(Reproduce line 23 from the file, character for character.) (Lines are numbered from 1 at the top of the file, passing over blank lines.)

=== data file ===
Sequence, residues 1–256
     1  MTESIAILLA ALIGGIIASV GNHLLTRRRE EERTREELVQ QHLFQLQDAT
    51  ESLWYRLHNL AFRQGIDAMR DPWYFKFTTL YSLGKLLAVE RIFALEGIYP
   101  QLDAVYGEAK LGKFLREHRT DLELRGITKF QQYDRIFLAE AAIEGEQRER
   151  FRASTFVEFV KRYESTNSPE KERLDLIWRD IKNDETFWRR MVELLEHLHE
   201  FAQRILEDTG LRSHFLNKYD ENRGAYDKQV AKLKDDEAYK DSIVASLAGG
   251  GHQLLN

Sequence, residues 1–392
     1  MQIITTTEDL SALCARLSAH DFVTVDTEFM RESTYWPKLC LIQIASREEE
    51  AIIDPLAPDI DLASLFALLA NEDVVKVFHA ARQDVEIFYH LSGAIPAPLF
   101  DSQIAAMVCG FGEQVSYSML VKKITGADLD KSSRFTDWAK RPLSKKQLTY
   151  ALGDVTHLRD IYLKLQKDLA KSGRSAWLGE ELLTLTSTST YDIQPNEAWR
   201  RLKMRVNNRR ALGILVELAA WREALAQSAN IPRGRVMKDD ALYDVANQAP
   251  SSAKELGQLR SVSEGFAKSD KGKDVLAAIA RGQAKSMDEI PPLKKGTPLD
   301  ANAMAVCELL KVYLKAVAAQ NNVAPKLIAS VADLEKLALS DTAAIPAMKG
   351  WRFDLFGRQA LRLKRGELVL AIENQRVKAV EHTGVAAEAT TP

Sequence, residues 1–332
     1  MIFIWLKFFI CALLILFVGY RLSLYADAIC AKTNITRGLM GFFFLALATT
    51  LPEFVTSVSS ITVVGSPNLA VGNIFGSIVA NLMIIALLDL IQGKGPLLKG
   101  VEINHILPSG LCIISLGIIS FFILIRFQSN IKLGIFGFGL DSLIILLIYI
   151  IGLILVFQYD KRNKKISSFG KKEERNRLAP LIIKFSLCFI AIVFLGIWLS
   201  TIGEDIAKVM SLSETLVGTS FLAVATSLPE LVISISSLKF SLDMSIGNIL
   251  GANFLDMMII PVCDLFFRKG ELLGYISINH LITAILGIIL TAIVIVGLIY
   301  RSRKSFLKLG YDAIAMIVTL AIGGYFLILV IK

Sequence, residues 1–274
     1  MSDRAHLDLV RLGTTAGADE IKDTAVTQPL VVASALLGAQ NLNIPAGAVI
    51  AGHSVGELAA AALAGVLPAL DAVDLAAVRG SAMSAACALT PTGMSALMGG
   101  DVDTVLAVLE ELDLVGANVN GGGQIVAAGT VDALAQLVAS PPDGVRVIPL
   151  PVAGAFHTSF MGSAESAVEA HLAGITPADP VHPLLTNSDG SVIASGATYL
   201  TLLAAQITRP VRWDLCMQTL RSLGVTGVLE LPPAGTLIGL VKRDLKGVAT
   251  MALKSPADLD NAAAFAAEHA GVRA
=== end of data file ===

   251  GANFLDMMII PVCDLFFRKG ELLGYISINH LITAILGIIL TAIVIVGLIY